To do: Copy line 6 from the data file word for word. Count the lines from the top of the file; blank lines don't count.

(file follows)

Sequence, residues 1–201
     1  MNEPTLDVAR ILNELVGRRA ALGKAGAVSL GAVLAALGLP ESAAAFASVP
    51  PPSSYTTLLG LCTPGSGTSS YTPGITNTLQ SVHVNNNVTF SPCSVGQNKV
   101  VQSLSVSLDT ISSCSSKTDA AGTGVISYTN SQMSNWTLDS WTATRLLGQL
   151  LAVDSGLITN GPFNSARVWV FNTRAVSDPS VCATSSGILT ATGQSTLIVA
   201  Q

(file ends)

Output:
   201  Q